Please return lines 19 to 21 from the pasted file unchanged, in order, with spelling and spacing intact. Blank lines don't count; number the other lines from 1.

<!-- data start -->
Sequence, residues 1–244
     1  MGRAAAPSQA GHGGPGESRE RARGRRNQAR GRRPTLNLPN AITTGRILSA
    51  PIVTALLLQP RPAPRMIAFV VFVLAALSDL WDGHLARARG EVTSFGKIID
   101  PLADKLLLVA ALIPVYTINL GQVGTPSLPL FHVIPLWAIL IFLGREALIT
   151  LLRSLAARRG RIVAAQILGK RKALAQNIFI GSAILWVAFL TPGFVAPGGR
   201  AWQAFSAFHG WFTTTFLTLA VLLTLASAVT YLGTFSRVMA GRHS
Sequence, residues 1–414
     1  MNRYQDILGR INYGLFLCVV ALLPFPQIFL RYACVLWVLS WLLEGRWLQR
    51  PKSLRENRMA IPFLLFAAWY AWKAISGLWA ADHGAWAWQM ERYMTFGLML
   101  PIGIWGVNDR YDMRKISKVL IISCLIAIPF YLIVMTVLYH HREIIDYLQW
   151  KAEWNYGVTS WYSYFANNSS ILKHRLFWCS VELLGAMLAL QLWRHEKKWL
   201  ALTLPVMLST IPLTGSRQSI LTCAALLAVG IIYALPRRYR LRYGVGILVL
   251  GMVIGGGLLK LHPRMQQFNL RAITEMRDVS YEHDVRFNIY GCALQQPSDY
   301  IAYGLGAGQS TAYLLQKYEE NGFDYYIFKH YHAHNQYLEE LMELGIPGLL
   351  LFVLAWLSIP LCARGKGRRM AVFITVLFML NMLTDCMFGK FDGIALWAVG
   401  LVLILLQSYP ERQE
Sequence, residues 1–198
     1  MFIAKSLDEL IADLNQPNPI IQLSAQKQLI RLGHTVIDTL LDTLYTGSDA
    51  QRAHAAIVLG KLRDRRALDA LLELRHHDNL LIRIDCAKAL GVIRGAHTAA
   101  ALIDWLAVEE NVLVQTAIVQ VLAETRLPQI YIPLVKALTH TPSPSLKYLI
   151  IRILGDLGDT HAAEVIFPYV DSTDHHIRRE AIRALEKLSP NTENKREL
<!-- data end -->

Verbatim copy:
    51  QRAHAAIVLG KLRDRRALDA LLELRHHDNL LIRIDCAKAL GVIRGAHTAA
   101  ALIDWLAVEE NVLVQTAIVQ VLAETRLPQI YIPLVKALTH TPSPSLKYLI
   151  IRILGDLGDT HAAEVIFPYV DSTDHHIRRE AIRALEKLSP NTENKREL